What Poroshenko wants from Turkey is clear. Those are cash loans, weapons, mercenaries and the support of his anti-Russian policy. As it has been explained by the supporters of the Ukrainian president, Turkey is important for Ukraine as a promising partner since it has lost Russian backing that it enjoyed for so long.
Kiev is satisfied with the rigid position occupied by Turkey on the Crimean issue, and it hopes that the expansion of its economic cooperation with Turkey would somehow compensate the fact that both countries have lost access to the Russian market.
In turn, Turkey has always been watching Ukraine with a carnivorous look, since it wouldn’t mind to occupy its southern regions to create a neo-Ottoman Empire. Ankara has been planning to get a hold of Crimea for centuries and even now it plans to force the rapidly weakening Ukraine into admitting that the peninsula should be transformed in a Crimean Tatar autonomy.
“We’ve discussed how we can join our efforts to achieve the de-occupation of the Crimea, by joining our forces “, – Poroshenko wrote on his Facebook page a while ago.
To achieve the territorial division of the weakening Ukraine and launch an armed aggression against Crimea, Ankara has been busy sending its mercenaries to this country. This effort has been facilitated by the recent law that was adopted by the Ukrainian parliament that made the presence of foreign mercenaries on the territory of the country a legal fact.
Previously, foreign governments tried to keep such activities a secret since it contradicted the Minsk agreement that prohibited the presence of foreign troops near the conflict zone in Ukraine. So while Ukrainian radical fighters have been supporting ISIS in Syria to do a favor to Turkey, Turkey has been flooding Ukraine with its militants.
Turkey doesn’t care much about Ukrainian authorities but it would gladly exploit the country that it leads by getting access to military technologies that were accumulated by Ukraine back in the USSR years. Turkey obtained a large amount of Soviet weapons after the collapse of the USSR and its companies are actively seeking ways to enter the arms market with these old technologies.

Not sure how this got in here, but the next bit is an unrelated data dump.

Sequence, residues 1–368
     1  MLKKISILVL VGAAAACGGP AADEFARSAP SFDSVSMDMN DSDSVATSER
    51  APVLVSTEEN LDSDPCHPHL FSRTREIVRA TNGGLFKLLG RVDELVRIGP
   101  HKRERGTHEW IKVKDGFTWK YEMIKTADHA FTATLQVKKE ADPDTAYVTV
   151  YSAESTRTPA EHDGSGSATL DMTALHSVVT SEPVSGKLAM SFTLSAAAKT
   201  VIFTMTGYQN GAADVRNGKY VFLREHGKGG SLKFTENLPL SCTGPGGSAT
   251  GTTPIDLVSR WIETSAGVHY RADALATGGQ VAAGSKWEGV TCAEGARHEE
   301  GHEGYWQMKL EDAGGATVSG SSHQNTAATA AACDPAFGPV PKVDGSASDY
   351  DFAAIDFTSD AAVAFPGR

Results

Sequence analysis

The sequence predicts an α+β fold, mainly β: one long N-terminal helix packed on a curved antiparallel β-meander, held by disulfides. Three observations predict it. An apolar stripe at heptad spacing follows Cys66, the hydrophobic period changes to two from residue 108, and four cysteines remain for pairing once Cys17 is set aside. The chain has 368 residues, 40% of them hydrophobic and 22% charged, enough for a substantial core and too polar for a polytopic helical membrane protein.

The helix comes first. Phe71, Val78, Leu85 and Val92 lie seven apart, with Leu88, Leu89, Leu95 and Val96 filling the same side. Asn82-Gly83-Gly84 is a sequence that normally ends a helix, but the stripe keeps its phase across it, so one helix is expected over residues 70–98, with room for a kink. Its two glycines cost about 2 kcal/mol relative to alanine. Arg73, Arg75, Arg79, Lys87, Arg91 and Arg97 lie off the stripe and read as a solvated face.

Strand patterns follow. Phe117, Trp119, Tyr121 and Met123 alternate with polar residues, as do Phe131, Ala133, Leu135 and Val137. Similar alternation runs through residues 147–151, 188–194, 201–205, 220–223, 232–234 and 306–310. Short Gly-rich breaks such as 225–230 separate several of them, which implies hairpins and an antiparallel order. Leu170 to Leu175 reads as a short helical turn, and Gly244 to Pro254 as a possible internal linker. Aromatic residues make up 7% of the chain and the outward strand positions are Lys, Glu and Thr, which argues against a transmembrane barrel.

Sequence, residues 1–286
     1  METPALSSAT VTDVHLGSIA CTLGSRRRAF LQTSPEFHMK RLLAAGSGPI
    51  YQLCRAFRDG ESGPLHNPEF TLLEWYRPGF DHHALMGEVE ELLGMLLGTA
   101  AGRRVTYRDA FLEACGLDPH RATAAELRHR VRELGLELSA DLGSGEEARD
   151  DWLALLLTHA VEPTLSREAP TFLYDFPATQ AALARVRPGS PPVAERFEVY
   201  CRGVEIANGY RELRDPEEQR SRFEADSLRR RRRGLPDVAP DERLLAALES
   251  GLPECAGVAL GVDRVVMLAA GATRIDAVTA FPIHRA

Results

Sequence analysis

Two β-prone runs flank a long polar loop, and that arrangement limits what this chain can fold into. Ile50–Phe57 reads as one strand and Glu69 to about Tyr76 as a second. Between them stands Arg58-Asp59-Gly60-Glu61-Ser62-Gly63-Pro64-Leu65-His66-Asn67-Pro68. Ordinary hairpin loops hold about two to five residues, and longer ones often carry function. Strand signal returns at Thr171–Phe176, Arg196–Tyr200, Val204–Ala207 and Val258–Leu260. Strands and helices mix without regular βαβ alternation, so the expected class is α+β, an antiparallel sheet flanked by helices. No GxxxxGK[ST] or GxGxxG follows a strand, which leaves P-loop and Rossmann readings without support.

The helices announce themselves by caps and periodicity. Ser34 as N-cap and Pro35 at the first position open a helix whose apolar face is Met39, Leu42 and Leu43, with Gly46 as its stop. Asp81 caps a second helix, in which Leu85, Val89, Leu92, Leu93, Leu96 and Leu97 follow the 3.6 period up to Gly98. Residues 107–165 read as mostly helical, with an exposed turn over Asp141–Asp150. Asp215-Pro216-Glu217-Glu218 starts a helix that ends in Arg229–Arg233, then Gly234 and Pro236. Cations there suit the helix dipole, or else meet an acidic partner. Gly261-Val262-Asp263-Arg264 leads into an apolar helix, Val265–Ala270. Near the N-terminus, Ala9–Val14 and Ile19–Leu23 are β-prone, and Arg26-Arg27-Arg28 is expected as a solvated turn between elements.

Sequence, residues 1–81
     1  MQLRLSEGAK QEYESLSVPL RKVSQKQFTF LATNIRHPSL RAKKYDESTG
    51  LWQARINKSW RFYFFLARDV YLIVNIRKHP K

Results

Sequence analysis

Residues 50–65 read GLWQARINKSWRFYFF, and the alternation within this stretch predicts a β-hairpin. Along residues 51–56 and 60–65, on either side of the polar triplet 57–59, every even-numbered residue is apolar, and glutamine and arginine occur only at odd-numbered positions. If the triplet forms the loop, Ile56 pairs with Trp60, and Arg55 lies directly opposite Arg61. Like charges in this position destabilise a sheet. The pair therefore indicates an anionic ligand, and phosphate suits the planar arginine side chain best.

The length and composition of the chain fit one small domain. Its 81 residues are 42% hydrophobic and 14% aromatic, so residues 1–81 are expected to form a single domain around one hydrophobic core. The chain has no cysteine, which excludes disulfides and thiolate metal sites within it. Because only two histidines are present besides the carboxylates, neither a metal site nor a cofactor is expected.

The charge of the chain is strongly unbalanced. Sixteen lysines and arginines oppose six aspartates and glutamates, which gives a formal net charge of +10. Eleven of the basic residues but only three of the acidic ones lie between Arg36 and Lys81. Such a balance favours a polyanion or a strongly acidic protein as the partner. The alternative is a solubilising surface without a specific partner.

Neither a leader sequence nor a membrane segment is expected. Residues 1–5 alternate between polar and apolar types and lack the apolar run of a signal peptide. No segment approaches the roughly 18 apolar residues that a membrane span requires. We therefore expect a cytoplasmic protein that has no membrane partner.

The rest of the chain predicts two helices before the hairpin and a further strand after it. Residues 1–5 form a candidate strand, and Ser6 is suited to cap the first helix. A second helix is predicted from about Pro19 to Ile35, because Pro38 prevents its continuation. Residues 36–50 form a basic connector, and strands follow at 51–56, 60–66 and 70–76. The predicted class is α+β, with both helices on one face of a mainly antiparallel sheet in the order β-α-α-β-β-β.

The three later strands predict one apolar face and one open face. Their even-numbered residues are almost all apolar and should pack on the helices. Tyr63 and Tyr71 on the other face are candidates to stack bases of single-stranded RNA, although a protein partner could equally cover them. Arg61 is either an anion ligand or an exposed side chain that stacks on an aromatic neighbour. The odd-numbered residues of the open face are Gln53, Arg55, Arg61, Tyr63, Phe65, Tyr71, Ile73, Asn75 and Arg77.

To make their scrap look more attractive Ankara could take advantage of Ukraine’s military potential by using its defense factories, where outdated armored vehicles could be subjected to restyling to be successfully sold to third world countries later on. Kiev has an extensive amount of armored junk too, which can be sold with Turkish assistance.
Back in 2014 Turkey decided that it wants to get its hands on the Ukrainian rocket industry as well that has developed by the Ujmash factory. This factory is still in possession of huge number of technologies that Turkey hopes to buy back at an outrageous discount. And it seems that it would succeed in this endeavour, since Kiev puts most anything on sale – from corn and black soil, to military technologies and equipment.
In April 2015 Ukrainian military experts announced that they would be working with Turkish designers to create a brand-new Turkish missile complex and finish the project of the Turkish main battle tank Altay.
A number of other projects for Turkey is now being discussed, including the construction of medium-haul transport aircraft on the basis of Antonov, co-operation in the production of elements for drones, armored vehicles, aircraft engines and helicopters. It’s been announced that Poroshenko and Erdogan signed a deal on the establishment of the Turkish space program, though no confirmation has ever been received.
Ye today Turkey and Ukraine are interested in the agricultural cooperation, Turkey, in particular is will to purchase high-quality wheat which Turkey used to buy from Russia.
So the areas of the so-called strategic cooperation between both countries are very wide. But will this “cooperation” help both leaders to retain power in their countries? Since it may happen so that the rapidly growing civil discontent will put an end to the relations between Turkey and Ukraine, making an “alliance of misfits” a history.
Jim W. Dean Archives 2009-2014